Journalism:Mentoring For Growth

The growing national trend in Nigeria requires that there should be a  decided mandate to provide up coming journalists with professional assistance,guide and advice through mentoring .The older professionals should take the challenge to provide them the friendship an  experienced mentor can give.


Effective mentoring can increased satisfaction and competence in journalism. Consequently, professional growth of mentored journalists should out pace non-mentored ones. This, in turn, increases the retention level of new journalists.

Before selecting mentors for new journalists the process of mentoring should be well understood. The mentoring process includes the relationship of beginning journalist and mentor, the necessary knowledge and skills of mentors, and an accountability system to ensure success.


On-the-job nurturing  is one assured premises for competency.Then requisite support by mentors can accelerate success and effectiveness among beginning journalists as well as prevent some of them from dropping out of the profession or carrying on with shallow knowledge. 

 Because of its importance,there is the need for media organizations and older journalists on the practice to examine the elements of a successful mentoring program.It could be on individual base or at corporate level.The  elements to  include  in the development of a viable relationship between beginning journalist and mentor, the assignment of a mentor who possesses specific knowledge and skills, and the use of an accountability system.


A meaningful relationship between the journalist-mentor and the beginning journalist establishes an effective mentoring experience since the relationship mediates the experiential exchange. Compatibility between the two is based on the interpersonal interactions that occur during the mentoring process. If the personal exchanges between mentor and protégé illicit understanding, caring, and trust then credibility occurs.

 The mentor and protégé’s understanding of each other’s roles and expectations is essential in establishing a basis for compatibility. While mentors tend to have their own ideas about mentoring because of previous experiences, the novice journalist may be uncertain about the mentoring process. Differences in expectations and viewpoints could result in stress and a dysfunctional relationship between mentor and novice journalist. Importantly, the roles and expectations with prospective mentors is in two ways.

First, the  prospective mentors should garner  specific information about the mentoring position. This is at the corporate level. This would include a job description outlining job responsibilities, expected working arrangements, continuing education expectations, types of organizational support/resources, and an accountability system.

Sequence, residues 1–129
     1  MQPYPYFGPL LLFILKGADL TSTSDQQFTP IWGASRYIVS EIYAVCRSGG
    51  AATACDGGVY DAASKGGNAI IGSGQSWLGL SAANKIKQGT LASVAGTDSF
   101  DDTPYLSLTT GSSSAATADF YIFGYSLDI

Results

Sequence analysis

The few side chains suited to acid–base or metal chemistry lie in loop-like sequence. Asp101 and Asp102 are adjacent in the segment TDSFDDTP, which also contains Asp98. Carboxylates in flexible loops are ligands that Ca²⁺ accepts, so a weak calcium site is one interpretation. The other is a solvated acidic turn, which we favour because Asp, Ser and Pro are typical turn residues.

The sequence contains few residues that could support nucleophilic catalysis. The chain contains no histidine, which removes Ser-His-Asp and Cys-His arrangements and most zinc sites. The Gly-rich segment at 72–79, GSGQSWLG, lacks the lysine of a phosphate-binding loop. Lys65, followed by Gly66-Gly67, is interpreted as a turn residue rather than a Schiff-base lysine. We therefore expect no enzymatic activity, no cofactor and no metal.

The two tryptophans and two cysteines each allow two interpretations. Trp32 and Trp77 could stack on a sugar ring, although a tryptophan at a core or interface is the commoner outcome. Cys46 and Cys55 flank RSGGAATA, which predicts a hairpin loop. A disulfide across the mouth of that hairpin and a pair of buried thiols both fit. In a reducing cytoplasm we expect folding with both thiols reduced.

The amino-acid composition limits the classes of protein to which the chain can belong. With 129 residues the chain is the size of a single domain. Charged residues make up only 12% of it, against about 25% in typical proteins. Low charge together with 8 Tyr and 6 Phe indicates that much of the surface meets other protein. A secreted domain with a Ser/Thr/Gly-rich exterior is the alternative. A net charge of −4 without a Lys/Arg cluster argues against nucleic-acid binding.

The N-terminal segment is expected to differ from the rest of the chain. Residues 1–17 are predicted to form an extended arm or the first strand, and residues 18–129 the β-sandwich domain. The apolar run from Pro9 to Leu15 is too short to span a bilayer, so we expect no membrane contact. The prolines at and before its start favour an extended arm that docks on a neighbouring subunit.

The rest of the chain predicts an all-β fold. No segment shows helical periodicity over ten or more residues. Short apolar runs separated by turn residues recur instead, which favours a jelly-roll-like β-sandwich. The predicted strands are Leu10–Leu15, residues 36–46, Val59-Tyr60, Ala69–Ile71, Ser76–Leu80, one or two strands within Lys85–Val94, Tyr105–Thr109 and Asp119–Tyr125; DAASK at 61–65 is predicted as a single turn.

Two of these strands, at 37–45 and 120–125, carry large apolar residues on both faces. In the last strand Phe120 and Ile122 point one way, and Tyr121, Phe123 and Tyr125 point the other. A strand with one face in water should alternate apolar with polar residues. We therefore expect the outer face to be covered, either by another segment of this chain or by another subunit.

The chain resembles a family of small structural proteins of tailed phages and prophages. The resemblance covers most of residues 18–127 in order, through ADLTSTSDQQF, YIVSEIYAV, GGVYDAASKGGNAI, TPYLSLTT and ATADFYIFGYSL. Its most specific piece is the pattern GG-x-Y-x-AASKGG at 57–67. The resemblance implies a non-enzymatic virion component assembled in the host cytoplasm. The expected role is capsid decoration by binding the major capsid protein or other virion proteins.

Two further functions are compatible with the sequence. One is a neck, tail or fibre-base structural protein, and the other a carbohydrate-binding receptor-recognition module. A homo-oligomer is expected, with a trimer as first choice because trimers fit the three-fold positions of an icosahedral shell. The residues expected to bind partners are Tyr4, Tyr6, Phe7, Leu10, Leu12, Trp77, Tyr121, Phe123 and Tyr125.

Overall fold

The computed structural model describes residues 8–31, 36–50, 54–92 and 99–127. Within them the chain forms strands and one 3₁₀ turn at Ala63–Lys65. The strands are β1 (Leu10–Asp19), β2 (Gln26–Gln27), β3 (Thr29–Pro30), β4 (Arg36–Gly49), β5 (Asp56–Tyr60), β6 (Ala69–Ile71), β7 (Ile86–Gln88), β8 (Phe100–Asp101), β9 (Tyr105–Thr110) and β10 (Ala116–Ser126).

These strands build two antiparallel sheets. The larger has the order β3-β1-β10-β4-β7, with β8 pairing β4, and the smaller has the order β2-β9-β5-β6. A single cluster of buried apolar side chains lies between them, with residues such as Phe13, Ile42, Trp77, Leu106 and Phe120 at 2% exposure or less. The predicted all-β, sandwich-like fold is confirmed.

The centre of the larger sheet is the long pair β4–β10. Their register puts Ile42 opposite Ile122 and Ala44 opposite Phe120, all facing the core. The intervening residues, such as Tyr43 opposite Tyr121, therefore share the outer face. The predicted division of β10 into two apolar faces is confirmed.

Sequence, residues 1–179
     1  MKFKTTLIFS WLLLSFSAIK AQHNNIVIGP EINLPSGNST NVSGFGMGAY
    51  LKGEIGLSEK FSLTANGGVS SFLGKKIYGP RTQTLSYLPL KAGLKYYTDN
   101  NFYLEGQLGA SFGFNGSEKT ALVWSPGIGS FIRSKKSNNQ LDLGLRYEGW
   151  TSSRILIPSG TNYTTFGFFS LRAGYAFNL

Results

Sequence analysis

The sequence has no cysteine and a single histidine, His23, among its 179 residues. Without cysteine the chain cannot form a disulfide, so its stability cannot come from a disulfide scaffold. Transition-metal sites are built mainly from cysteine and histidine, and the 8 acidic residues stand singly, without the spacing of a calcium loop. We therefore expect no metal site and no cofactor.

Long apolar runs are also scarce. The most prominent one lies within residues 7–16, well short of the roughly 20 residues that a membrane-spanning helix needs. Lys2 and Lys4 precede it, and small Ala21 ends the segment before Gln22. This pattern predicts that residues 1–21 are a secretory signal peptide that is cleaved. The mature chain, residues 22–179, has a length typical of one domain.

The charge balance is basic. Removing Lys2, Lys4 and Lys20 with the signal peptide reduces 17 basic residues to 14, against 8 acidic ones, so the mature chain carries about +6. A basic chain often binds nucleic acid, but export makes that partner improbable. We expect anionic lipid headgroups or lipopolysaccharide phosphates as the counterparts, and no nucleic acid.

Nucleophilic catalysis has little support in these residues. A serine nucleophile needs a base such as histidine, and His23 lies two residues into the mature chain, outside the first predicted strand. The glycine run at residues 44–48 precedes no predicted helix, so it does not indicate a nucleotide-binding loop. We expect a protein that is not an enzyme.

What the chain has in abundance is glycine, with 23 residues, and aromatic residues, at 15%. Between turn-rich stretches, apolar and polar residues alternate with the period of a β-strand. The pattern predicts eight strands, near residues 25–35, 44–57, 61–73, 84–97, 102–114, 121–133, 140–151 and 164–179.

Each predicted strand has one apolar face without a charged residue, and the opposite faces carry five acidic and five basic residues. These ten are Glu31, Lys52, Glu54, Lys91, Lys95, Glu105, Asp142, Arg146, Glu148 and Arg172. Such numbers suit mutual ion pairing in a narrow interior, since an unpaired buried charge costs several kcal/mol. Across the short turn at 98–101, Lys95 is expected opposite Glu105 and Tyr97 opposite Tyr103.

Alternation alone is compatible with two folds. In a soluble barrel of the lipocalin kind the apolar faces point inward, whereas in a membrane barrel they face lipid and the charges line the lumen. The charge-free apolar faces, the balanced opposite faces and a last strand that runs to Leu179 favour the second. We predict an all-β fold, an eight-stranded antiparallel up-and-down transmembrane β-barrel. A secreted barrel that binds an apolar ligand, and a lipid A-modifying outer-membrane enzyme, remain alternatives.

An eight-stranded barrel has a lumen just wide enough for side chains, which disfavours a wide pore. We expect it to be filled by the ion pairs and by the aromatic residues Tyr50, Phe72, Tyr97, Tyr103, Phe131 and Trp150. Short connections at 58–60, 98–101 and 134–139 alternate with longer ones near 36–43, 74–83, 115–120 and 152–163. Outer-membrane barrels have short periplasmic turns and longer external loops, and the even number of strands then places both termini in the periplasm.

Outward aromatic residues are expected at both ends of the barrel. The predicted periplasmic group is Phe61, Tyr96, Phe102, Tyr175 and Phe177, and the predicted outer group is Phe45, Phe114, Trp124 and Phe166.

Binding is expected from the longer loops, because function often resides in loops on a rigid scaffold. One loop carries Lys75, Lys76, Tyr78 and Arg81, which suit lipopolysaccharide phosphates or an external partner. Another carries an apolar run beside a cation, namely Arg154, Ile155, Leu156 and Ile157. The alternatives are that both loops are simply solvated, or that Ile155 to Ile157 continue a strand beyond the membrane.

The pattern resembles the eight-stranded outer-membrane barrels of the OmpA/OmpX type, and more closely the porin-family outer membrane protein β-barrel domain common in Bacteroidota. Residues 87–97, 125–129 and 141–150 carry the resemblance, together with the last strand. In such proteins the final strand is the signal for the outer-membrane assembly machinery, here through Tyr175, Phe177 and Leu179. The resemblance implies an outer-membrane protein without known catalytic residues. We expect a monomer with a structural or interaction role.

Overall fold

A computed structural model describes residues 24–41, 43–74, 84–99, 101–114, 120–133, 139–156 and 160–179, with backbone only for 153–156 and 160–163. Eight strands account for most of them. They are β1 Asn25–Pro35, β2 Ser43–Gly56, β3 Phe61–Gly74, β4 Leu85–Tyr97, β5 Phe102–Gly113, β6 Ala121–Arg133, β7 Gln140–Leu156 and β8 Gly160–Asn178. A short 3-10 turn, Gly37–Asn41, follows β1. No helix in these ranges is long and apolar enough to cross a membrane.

Secondly, in the application process, the supervising team should always desire to know from the prospective mentors how  to discuss in letter format their views and approaches to mentoring. This discussion would include prospective mentors’ needs, e.g., time, in carrying out the mentoring role.

The team should outline a list of required knowledge and skills mentors should possess to assist beginning journalists’ needs. Such focus area like model,guide,confidant should addressed. The acquisition of this information may require mentors to attend a professional development program. Mentors should view this continuing education both as preparation for their mentoring/supervisory role and as an opportunity to participate in lifelong learning.

First, mentors should be knowledgeable of the beginning journalist’s needs as he progress developmentally as a professional. From the level of a novice advanced beginner, competent journalist, proficient journalist, and expert. Mentors are expected to adjust their mentoring roles (e.g., confidant, counselor, and guide) to meet protégés’ needs as they move through the development stages.


Effective mentors help first-time journalists to  deal with the personal issues that arise so that they can focus their attention on the matter of professionalism.

Secondly, mentors, as well as new journalists, should possess good interpersonal skills. The first time journalist doing journalism work under the mentor’s guide can be more an affective experience rather than a cognitive one. In the mentor/beginning journalist relationship, mentors spend much of their time listening, counseling, guiding, supporting, and showing confidence in the novice journalist’s ability.

While mentors provide support and understanding, they must also challenge the new journalists to use their talents to strive for excellence in their professional practice. Moreover, mentors should challenge beginning journalists to be change agents, effecting some change instead of maintaining their status quo.Lastly, knowledge of professional principles is extremely valuable to know how to handle tougher situations that they encouter.

While journalists are formally prepared as events reporters, they may  find themselves tasked to participate in public issues discourse and should be willing and competent to  participate.This journalism mentoring can be one sure way of grooming dependable practitioners. 


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